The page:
This book is an account of modeling and idealization in modern scientific practice, focusing on concrete, mathematical, and computational models. The main topics of this book are the nature of models, the practice of modeling, and the nature of the relationship between models and real-world phenomena. In order to elucidate the model/world relationship, Weisberg develops a novel account of similarity called weighted feature matching.
Between 1492 and 1914, Europeans conquered 84 percent of the globe. But why did Europe establish global dominance, when for centuries the Chinese, Japanese, Ottomans, and South Asians were far more advanced? In Why Did Europe Conquer the World?, Philip Hoffman demonstrates that conventional explanations—such as geography, epidemic disease, and the Industrial Revolution—fail to provide answers. Arguing instead for the pivotal role of economic and political history, Hoffman shows that if certain variables had been different, Europe would have been eclipsed, and another power could have become master of the world. Hoffman sheds light on the two millennia of economic, political, and historical changes that set European states on a distinctive path of development, military rivalry, and war. This resulted in astonishingly rapid growth in Europe's military sector, and produced an insurmountable lead in gunpowder technology. The consequences determined which states established colonial empires or ran the slave trade, and even which economies were the first to industrialize. Debunking traditional arguments, Why Did Europe Conquer the World? reveals the startling reasons behind Europe's historic global supremacy.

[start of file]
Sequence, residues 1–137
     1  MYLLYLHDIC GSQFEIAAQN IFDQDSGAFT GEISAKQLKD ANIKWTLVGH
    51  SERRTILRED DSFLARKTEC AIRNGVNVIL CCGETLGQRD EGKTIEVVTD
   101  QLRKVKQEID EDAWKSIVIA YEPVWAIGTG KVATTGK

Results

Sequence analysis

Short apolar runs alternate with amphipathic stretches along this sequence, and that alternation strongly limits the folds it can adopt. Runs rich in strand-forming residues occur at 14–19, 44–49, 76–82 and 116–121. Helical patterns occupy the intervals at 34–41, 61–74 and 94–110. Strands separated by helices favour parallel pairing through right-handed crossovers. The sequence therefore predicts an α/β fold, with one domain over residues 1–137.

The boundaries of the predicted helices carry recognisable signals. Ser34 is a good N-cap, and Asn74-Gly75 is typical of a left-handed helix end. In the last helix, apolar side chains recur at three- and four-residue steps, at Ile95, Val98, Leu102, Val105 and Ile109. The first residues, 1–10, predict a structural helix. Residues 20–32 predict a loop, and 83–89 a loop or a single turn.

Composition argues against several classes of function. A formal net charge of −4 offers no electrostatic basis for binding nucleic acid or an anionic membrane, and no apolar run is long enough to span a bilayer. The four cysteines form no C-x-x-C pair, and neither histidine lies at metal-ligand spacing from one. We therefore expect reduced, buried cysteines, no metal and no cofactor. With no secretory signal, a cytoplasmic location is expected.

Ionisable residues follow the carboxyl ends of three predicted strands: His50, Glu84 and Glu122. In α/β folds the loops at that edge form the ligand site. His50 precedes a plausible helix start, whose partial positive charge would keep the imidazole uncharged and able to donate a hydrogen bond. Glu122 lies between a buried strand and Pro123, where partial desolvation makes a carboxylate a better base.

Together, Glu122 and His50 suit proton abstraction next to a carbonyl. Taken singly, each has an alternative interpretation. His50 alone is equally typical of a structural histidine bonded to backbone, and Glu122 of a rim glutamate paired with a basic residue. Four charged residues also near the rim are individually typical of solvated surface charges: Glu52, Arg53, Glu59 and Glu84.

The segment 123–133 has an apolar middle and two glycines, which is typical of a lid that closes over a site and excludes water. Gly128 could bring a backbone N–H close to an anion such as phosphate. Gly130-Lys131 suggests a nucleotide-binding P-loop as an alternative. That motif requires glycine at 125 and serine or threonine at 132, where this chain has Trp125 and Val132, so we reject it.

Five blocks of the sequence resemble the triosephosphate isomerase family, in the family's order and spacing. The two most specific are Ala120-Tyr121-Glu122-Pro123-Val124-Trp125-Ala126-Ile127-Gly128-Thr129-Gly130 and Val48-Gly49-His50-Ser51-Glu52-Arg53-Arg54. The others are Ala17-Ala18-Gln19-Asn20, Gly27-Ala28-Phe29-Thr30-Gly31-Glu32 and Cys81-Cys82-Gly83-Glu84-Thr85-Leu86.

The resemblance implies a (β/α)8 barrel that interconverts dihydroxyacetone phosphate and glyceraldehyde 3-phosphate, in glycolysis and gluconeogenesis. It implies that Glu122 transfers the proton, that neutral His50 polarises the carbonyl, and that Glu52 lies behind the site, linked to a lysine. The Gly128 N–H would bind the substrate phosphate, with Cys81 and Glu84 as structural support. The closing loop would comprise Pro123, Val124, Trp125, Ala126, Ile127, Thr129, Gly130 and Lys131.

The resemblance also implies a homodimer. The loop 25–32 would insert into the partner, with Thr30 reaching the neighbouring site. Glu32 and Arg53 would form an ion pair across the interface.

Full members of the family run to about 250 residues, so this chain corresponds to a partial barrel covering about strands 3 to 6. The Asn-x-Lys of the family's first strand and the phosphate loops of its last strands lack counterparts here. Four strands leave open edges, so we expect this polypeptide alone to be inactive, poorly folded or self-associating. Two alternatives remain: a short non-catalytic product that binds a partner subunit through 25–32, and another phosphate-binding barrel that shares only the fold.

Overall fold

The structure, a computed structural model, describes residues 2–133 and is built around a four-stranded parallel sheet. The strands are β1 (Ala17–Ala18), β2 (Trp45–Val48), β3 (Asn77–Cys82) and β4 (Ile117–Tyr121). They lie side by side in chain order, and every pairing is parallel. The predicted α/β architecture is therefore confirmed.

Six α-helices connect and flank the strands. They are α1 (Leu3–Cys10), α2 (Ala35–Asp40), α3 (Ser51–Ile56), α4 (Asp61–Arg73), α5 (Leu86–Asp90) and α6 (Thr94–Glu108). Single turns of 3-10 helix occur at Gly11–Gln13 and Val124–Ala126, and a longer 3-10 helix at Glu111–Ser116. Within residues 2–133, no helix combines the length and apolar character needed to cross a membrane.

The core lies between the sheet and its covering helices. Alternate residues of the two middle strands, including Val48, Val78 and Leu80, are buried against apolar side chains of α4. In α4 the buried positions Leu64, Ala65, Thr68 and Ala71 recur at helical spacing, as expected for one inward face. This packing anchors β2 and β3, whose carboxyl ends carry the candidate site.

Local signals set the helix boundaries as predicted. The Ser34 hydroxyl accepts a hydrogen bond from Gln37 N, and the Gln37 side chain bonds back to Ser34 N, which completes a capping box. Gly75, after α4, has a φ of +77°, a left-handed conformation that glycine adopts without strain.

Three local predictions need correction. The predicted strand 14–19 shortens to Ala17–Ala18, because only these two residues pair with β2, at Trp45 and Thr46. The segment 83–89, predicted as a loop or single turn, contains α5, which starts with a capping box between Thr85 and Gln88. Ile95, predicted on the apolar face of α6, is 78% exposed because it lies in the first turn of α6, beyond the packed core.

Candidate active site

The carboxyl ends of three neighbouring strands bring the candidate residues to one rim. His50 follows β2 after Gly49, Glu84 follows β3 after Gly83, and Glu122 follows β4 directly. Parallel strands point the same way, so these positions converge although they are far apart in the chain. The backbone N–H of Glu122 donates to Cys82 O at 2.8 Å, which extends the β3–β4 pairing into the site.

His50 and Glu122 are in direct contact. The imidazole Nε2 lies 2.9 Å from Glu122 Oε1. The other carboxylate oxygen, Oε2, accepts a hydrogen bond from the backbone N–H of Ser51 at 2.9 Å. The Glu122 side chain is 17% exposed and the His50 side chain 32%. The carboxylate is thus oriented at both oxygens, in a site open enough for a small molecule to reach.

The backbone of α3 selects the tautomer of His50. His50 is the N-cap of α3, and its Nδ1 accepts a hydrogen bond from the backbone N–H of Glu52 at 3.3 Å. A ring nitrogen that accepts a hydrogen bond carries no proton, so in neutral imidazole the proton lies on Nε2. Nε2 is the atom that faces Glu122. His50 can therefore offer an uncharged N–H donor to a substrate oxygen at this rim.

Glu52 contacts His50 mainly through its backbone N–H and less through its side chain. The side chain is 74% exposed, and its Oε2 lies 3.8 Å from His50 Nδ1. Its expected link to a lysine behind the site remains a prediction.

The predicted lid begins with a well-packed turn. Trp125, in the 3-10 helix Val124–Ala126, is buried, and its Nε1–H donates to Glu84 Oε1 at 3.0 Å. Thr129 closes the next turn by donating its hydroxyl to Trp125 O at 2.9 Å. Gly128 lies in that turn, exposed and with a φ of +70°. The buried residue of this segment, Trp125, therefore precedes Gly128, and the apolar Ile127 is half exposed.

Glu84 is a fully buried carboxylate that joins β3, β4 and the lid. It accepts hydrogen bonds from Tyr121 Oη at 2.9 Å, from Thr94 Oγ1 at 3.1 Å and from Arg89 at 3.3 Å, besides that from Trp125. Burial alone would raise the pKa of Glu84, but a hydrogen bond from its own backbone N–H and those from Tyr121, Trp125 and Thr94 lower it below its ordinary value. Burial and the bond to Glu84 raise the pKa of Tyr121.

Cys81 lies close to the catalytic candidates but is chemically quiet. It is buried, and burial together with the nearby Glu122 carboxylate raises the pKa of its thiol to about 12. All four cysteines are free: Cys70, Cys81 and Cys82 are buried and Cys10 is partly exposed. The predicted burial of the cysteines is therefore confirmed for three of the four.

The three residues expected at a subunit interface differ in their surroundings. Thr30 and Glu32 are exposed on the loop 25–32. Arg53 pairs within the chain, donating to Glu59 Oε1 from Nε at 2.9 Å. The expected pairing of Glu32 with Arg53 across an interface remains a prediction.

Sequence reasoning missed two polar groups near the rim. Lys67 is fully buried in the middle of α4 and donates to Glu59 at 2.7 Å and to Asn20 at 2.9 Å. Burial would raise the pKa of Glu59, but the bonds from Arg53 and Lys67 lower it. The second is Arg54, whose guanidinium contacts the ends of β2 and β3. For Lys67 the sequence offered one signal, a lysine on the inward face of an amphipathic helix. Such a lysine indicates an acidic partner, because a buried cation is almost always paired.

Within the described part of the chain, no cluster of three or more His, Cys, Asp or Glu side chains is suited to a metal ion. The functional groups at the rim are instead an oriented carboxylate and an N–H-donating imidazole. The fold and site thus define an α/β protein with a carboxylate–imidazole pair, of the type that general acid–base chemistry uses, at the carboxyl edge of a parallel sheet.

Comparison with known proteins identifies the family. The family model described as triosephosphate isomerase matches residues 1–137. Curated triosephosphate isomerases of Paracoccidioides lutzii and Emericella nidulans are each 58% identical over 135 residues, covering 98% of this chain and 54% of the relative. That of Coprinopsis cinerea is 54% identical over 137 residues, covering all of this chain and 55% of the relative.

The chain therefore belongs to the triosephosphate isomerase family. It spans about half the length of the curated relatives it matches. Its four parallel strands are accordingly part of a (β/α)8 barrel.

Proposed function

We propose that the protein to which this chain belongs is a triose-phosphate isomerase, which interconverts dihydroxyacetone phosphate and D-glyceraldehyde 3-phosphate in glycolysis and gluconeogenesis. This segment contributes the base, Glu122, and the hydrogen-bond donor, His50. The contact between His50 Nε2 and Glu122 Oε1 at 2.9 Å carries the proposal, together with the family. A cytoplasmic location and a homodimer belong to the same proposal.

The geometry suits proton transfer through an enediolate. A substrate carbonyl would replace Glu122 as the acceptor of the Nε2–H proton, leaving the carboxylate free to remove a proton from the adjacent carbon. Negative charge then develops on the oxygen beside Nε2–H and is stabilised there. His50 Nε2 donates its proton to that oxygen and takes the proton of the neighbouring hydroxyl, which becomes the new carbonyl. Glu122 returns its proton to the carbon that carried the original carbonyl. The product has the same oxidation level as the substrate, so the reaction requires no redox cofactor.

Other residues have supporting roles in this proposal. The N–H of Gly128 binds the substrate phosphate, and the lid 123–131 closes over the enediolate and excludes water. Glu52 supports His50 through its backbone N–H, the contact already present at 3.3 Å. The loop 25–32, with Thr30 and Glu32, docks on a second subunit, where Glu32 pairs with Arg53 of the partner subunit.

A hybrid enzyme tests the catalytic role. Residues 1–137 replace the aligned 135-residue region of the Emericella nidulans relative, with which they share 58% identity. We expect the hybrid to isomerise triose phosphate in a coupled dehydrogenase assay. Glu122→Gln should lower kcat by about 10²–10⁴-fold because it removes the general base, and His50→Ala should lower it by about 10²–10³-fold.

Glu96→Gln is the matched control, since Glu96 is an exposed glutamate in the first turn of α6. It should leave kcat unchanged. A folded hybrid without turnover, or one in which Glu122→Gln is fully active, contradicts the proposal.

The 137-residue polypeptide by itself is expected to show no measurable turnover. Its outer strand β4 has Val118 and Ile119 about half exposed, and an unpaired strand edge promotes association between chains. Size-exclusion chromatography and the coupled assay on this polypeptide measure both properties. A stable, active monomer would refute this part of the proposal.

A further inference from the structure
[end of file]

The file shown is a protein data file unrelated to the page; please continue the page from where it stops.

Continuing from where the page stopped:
100+ Management Models is an essential resource for managers at all levels. It gives an overview of each of the most important business models in eight categories: sustainability, innovation, strategy, diversity, customers, human resources, benchmarking and leadership and analyses their strengths and weaknesses.
In 1995, David Hay published "Data Model Patterns: Conventions of Thought" -- the groundbreaking book on how to use standard data models to describe the standard business situations. This book builds on the concepts presented there, adds 15 years of practical experience, and presents a more comprehensive view. You will learn how to apply both the abstract and concrete elements of your enterprise's architectural data model through four levels of abstraction: Level 0: An abstract template that underlies the Level 1 model that follows, plus two meta models; Level 1: An enterprise model that is generic enough to apply to any company or government agency, but concrete enough to be readily understood by all; Level 2: A more detailed model describing specific functional areas; Level 3: Examples of the details a model can have to address what is truly unique in a particular industry.
A Model for Men of Business Or Lectures on the Character of Nehemiah